North Carolina considers ban on smokable hemp

North Carolina is considering a ban on smokable hemp, but farmers say that would stifle market opportunity in a fast-growing new industry.

The ban is part of a bill outlining North Carolina’s industrial hemp pilot program.

The state’s Bureau of Investigation is pushing for the ban, saying it’s difficult for law enforcement to discern smokable hemp from marijuana.

The measure passed the state Senate Agriculture Committee this week.

Tenfold increase in growers

North Carolina’s hemp industry is booming, thanks to flexible state laws about production and climate suited to the plant. Farmers say hemp is an easy pivot from tobacco, North Carolina’s traditional cash crop.

North Carolina authorized hemp production in 2017 and, like many states, has seen huge growth in farming and processing activity.

North Carolina saw nearly a tenfold increase in hemp growers from 2017 to 2019, with more coming on board each month. The state has no cap on growers or acreage, and the state licenses new producers throughout the year.

North Carolina currently has:

  • 11,572 outdoor hemp acres.
  • 4.5 million square feet of indoor hemp cultivation.
  • 933 licensed hemp farmers.

Law enforcement concerns

But marijuana remains illegal in North Carolina, and law enforcement officials say smoked hemp is easily mistaken for its more potent counterpart. Several “dispensaries” selling pre-rolled hemp cigarettes have popped up across the state.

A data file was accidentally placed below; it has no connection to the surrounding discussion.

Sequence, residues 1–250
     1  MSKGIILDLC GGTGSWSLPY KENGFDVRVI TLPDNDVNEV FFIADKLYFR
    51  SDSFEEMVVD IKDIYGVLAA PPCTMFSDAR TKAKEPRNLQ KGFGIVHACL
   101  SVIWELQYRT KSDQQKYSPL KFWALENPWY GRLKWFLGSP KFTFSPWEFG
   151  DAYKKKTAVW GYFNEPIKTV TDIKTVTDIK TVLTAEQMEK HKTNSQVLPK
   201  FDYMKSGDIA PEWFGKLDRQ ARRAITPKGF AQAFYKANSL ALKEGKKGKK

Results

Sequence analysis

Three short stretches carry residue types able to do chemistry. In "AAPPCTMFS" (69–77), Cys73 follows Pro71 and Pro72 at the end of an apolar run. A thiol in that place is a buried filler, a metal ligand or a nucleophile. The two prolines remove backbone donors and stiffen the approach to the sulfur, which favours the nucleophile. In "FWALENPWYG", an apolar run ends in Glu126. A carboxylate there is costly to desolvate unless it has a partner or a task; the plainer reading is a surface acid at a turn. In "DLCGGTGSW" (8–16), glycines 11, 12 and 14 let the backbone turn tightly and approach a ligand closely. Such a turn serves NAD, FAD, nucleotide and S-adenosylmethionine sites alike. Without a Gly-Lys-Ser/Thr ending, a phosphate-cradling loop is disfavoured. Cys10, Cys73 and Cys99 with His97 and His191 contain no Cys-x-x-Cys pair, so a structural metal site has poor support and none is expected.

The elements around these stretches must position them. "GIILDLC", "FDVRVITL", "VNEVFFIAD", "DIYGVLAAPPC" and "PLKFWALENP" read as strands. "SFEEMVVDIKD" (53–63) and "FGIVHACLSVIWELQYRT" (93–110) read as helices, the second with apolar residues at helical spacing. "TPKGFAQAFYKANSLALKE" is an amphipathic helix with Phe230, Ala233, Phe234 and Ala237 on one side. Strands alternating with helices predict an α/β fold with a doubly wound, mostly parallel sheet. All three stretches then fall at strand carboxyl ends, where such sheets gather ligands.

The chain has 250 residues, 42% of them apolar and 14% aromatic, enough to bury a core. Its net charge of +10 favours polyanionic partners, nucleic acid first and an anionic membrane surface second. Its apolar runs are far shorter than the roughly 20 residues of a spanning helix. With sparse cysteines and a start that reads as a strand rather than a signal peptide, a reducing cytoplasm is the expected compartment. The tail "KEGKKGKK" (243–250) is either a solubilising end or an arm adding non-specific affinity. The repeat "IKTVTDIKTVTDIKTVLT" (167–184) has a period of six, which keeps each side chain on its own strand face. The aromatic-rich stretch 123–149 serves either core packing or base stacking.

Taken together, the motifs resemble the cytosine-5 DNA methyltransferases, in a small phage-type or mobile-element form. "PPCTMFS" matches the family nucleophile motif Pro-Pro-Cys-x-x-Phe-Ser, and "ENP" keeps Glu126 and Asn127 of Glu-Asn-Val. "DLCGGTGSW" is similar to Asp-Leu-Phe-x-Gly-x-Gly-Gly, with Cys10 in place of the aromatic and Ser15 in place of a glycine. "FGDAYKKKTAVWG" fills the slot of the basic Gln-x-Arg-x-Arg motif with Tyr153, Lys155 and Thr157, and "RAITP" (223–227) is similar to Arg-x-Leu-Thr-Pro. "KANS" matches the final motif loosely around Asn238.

According to a recent memo from the state Bureau of Investigation, “the inability for law enforcement to distinguish the difference between hemp and marijuana is problematic in all marijuana prosecutions.”

A woman in Four Oaks, North Carolina, was arrested in April and charged with marijuana possession after police officers saw her smoking what looked and smelled like marijuana. She has told reporters that she was smoking hemp, not marijuana.

Hemp farmers are urging lawmakers to reconsider the ban. Many of them came to the Senate to oppose banning smokable hemp.

“We want to work for regulation,” said Lori Lacy, a hemp farmer from Franklin, North Carolina. “I don’t want our infrastructure and everything that we have built up to this point to go away. I will have to fire people.”

The bill still must go through three more committees before reaching the Senate floor. The measure has not yet been considered by the North Carolina House of Representatives.

The North Carolina Bureau of Investigation also requested that lawmakers limit legal hemp cultivation to fiber and grain varieties, something lawmakers have declined to consider.

– Associated Press contributed to this report.

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